Battle of the Beatmakers

Toronto’s most influential hip-hop event, writes Max Mertens, has become a platform for future star producers

In 2005, Clifton Reddick launched Battle of the Beatmakers, a competition for aspiring Toronto music producers. The premise was simple – potential hopefuls submitted their beats to a panel of music industry professionals, with 32 contestants being chosen to compete in a live setting before three judges (usually established rappers or producers). The March Madness-style tournament lasted multiple rounds, participants going head-to-head playing their beats, until a winner was crowned at the end.

Despite the debut competition’s remote suburban location in Mississauga, and Toronto’s longstanding reputation as the “Screwface Capital” – a nickname bestowed on the city in the early 2000s, referring to its inhabitants’ reluctance to support local hip-hop – the event was a success. Since then, BOTB has seen thousands of applicants hailing from Scarborough to Switzerland, graduated to a much larger room (the Opera House, a former 1900s vaudeville theatre turned 1702-capacity music venue) and invited special guest judges including 9th Wonder, Metro Boomin, Sonny Digital and 808 Mafia’s Southside. What’s drawn eyeballs to the competition most of all, however, is its reputation as a platform where some of the biggest producers in Canada have gotten their start.

“People like Boi-1da, WondaGurl and the list goes on, their careers have really skyrocketed,” says Priya Ramanujam, co-founder and editor-in-chief of Urbanology Magazine, who has been involved in BOTB since day one. “Anybody who hasn’t been to Battle of the Beatmakers who’s a lover of hip-hop or a lover of Toronto music, I think that’s something you want to experience at least once.”

While many of these producers are closely associated with Drake and his OVO roster, including (but not limited to) Nineteen85, Sevn Thomas, Hagler and Arthur McArthur, their influence on international hip-hop, R&B and pop music makes BOTB truly worthy of the title “The World’s #1 Producer Competition.” With the 2017 edition set to go down November 9-11, here’s five alumni who have gone on to make a name for themselves.

Boi-1da | Battle Of The Beatmakers


Before he became a household name as a Drake collaborator and produced songs for Eminem, Kendrick Lamar, Nicki Minaj, Rihanna and others, Boi-1da won not one, but three consecutive battles. Born in Jamaica, he was exposed to dancehall at a young age, and taught himself how to use FL Studio without any formal training. The Grammy Award winner’s also returned to BOTB as a judge on numerous occasions, where he met WondaGurl, and ended up mentoring her through Toronto non-profit youth arts organization The Remix Project.

“What makes me want to come back is just remembering when I was young back in the day, and so eager, like, ‘Man, I wish I could meet Dr. Dre, I wish I could meet Timbaland, and I wish these people would come and inspire me in some way, other than (with) their music,’” he said in a 2011 interview. “Me going back is giving back to my own people that I love. I love hearing new stuff from new producers. I love being out there. It’s a great atmosphere.”

Lil Uzi Vert - Scott And Ramona


After winning the 2012 competition, then 15-year-old Ebony Oshunrinde, AKA WondaGurl, didn’t read off a laundry list of names or give a lengthy acceptance speech. Instead, she quietly accepted the trophy, and invited her mother onstage to say a tearful thanks. The producer’s had plenty more to brag about since – including producing the Sizzla-flipping “Crown” for Jay-Z a year later – but that’s not her style. Oshunrinde doesn’t have a producer tag, but her fingerprints are all over today’s radio and underground hits, whether it be her multiple songs with Houston rapper Travis Scott or Lil Uzi Vert’s “Scott and Ramona.” She judged last year’s battle alongside mentor Boi-1da, and later this month will appear in a very different ring, leading her Enjoy Life crew in the 2017 Red Bull Culture Clash Atlanta.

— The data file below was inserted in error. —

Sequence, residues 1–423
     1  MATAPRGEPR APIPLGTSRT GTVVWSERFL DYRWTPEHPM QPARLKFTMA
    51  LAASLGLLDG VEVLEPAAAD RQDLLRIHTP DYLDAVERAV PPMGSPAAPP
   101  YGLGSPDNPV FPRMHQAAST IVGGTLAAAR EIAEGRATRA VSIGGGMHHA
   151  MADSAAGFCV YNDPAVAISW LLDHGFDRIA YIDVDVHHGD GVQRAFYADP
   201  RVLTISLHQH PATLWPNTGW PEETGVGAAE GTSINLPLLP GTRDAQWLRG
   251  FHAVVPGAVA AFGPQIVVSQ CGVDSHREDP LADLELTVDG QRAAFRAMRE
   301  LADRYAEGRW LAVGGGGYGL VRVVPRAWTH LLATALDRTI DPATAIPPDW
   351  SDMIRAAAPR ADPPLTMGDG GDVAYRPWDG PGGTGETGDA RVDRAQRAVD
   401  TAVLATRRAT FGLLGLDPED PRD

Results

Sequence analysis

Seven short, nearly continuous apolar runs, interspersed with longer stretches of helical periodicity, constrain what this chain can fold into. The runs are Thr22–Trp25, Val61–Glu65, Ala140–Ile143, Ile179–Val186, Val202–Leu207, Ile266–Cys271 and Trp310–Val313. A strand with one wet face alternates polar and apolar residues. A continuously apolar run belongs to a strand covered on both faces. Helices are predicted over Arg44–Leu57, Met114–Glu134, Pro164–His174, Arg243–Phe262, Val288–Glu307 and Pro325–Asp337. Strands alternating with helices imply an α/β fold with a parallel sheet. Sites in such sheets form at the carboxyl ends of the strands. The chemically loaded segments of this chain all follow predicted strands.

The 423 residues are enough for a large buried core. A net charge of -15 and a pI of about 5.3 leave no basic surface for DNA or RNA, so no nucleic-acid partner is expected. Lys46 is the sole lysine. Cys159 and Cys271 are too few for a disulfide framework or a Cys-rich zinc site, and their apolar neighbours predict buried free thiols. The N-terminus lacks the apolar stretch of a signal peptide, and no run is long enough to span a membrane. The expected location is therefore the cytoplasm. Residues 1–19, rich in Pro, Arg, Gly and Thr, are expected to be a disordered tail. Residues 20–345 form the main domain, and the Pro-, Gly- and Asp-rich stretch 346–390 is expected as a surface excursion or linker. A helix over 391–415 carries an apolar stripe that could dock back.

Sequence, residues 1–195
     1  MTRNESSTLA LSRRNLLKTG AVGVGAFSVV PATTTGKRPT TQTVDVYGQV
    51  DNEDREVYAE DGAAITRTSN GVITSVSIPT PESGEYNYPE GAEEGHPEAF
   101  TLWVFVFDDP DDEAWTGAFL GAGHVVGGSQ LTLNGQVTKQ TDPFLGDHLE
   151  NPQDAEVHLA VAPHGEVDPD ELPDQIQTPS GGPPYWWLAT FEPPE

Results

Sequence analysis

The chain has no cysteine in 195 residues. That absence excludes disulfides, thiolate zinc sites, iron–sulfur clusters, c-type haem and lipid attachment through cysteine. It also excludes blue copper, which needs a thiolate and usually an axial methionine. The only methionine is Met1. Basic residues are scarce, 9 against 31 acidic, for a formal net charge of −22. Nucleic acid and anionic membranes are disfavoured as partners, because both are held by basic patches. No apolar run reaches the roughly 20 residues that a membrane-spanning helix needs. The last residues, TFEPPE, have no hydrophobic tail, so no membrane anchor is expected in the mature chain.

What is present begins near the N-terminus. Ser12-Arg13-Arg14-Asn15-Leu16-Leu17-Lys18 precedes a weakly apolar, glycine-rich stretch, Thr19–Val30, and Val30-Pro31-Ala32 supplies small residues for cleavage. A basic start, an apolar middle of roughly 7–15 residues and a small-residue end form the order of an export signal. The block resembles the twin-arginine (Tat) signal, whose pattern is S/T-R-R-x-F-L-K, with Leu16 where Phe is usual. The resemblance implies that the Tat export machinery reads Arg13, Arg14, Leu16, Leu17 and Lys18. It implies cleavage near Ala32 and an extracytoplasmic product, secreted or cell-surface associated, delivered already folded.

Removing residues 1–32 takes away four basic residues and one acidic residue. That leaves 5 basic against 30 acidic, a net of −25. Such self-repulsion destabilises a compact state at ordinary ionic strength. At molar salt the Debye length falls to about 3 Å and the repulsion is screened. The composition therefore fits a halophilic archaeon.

Big Sean feat. Eminem - No Favors


Though FrancisGotHeat lost to WondaGurl in an early round of the 2012 tournament, the pair have since become close collaborators, and together are responsible for Big Sean’s Eminem-assisted 2017 single “No Favors.” The 20-year-old multi-instrumentalist’s also behind the emotional centerpiece of Drake’s don’t-call-it-an-album playlist More Life, “4422,” which features UK singer Sampha crooning over a quietly melancholic beat.

Daniel Caesar - We Find Love / Blessed

Jordon Manswell

While he’s the rookie on this list, there’s nothing amateurish about 2014 BOTB winner Jordon Manswell’s sprawling, soulful instrumentals. Explaining his less-is-more philosophy to making beats, the producer told Noisey, “Most times I’ll start it, if it sounds cool then I’ll finish it, but if not then I’m probably just going to stash it and move onto the next one. If I’m passing like 10-15 minutes, then that means I’m overthinking it.” He’s worked with Toronto up-and-comers Daniel Caesar and Ye Ali – the former’s latest piano-driven ballad “We Find Love” being one of Manswell’s strongest efforts to date.

Nicki Minaj feat. Drake - Moment 4 Life


Another one of Drake’s earliest cohorts, T-Minus is behind Billboard chart-topping anthems “Moment 4 Life,” “I’m On One,” “The Motto” and “HYFR.” Despite rumors that he was calling music quits, Williams returned this year with two credits on More Life, including fan favorite “Blem.”

By Max Mertens on August 22, 2017

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